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Tsunami Tales

When a tsunami struck south Asia in December, the doc community responded. Like it or not, disasters make for must-see TV; viewers want information and perspective, and the non-fiction industry can supply both.
January 1, 2005

When a tsunami struck south Asia in December, the doc community responded. Like it or not, disasters make for must-see TV; viewers want information and perspective, and the non-fiction industry can supply both.

But with 24-hour news organizations spitting out endless reams of footage, how do broadcasters and producers decide what content is appropriate, and what the best timing is?

‘Because you are overwhelmed by content,’ says Mentorn creative director Steve Anderson, ‘you have to find a different angle… that’s the tricky bit.’

The London prodco began working on a one-hour doc for Five in the U.K. and Nat Geo stateside almost immediately after the disaster. Anderson was struck by the quality first-person footage coming back from Asia (thanks to vacationers with high-end video cameras), and decided a first-person special would be appropriate. Tsunami: The Day the Wave Struck broadcasts on January 26 in the U.K.

Discovery Channel U.S. EVP and GM Jane Root agrees that unless producers can answer a unique question or find an informative approach, they should avoid the topic. Root saw the opportunity to tell a science story – why tsunamis happen and how early warning systems can prevent catastrophic loss of life. The Next Wave: Science of Tsunamis was turned out in 10 days, broadcasting on January 10. It averaged over two million viewers, and resulted in 300,000 unique page views on a website providing more information.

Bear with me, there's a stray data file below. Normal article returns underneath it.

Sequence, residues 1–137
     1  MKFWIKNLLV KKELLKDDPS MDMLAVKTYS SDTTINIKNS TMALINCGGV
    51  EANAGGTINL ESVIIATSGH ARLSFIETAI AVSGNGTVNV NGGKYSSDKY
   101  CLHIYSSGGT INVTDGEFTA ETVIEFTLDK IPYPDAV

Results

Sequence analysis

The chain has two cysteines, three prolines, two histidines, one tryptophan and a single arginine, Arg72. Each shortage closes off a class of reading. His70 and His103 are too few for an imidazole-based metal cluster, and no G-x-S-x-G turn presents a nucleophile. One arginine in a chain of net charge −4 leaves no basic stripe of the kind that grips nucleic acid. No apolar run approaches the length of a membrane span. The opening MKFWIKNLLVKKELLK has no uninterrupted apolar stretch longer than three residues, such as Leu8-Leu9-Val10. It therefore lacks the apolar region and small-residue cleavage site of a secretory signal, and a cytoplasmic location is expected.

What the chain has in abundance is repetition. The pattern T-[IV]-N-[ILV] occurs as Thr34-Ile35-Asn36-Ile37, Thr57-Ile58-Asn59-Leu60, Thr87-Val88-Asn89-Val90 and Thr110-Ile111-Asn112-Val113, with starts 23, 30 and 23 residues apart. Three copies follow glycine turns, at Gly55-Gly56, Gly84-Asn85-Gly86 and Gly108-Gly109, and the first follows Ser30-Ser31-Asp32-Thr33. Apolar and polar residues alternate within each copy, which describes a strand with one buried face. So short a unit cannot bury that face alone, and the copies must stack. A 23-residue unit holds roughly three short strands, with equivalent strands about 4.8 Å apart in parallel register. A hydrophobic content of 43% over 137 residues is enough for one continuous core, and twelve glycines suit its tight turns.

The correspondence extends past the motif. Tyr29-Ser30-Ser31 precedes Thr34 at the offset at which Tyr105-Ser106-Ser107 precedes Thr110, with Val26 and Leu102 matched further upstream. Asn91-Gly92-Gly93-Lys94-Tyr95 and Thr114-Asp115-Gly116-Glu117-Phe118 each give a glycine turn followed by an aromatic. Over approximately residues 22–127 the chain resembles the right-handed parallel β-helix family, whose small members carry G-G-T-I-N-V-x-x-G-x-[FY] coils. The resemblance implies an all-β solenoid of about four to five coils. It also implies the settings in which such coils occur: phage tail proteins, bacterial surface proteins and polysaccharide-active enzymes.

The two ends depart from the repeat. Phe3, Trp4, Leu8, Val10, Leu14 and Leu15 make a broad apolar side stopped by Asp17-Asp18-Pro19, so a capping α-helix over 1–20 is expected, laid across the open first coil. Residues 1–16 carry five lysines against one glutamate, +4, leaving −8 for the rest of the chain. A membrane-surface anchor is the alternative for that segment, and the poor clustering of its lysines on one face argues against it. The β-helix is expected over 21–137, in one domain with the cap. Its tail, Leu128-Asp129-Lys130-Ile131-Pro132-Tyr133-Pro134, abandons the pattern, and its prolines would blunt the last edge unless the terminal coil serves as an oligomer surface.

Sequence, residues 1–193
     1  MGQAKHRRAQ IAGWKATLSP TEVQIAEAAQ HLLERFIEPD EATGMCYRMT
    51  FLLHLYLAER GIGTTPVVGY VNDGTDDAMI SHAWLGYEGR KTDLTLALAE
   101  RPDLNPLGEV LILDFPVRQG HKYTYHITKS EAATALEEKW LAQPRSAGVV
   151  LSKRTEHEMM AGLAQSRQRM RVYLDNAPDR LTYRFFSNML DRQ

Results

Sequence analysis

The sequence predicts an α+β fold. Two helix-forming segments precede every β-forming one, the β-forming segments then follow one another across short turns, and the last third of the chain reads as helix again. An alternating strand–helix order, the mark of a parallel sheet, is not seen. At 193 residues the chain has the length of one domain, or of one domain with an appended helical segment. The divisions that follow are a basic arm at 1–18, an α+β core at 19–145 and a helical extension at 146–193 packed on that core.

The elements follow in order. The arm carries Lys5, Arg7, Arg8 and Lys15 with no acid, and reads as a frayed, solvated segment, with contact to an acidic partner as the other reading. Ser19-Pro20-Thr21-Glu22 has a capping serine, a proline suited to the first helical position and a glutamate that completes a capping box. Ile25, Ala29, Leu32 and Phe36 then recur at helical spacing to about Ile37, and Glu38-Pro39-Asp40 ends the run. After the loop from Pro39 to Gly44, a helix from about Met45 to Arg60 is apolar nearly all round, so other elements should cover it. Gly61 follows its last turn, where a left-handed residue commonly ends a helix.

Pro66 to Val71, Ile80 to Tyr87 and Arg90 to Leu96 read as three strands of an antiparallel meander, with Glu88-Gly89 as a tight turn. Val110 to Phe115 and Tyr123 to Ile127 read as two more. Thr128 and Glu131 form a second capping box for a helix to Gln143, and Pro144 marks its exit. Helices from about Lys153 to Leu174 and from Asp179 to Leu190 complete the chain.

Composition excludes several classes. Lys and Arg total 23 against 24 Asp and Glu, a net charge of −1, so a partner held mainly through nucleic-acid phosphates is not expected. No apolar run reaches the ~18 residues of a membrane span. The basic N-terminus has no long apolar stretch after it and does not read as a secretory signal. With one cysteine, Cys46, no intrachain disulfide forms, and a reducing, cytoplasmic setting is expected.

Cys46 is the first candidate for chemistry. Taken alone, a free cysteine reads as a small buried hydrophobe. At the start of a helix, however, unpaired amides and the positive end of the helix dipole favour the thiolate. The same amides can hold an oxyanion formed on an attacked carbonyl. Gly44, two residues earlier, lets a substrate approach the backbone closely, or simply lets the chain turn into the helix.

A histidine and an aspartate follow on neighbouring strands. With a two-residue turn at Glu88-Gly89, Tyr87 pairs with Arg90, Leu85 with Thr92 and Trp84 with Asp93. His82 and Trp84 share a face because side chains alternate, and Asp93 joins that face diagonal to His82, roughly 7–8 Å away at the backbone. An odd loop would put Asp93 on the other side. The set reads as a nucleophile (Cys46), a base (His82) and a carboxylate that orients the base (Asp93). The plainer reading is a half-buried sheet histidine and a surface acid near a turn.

Says Root, ‘Being sensitive is absolutely key. You ask yourself questions over and over again: Is this exploitative? Why are we doing this? If you can’t answer those questions, then you shouldn’t be doing it.’

Eventually, news needs to give way to historical perspective. ‘For September 11,’ observes Root, ‘there was a point at which merely showing those shocking images of the towers on fire wasn’t contributing. As a broadcaster you say: ‘No, we’re not doing this.’

‘There is a point at which you don’t want to just watch more pictures – you want to understand,’ she continues.

Madrid’s El Mundo TV chose the historical approach for 11-M: Historia de un Atentado (March 11: History of an Attack), a one-year-later recounting of the Madrid train bombings which it undertook with TeleMadrid and Canal 9. The special recounts the March 11, 2004 blast, and uses real footage and reenactments to tell stories that could not be told at the time. El Mundo’s Margarita Castro says the time permitted the addition of well-considered dramatic elements that allowed viewers to understand the whole story. ‘The main concern of the Spanish broadcasters is that the victims were treated with respect,’ she says, ‘and [that the special] used no explicit images.’

About The Author
Meagan Kashty is an associate editor of realscreen, an international print and online magazine that covers the non-fiction film and television industries. Meagan is an award-winning business journalist. Prior to joining the realscreen team, Meagan was online editor of Canadian Grocer, named Magazine of the Year at the 2015 Canadian Business Media Awards. She can be reached at mkashty@brunico.com, and you can follow her on Twitter @MegKashty

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